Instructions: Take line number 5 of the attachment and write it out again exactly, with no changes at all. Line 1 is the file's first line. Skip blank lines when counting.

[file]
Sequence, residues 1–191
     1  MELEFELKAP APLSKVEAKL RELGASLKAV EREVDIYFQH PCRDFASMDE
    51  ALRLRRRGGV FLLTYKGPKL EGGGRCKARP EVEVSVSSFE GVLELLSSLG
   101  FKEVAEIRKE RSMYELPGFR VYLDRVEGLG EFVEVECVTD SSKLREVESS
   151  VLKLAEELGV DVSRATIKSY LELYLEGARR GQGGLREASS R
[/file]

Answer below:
   151  VLKLAEELGV DVSRATIKSY LELYLEGARR GQGGLREASS R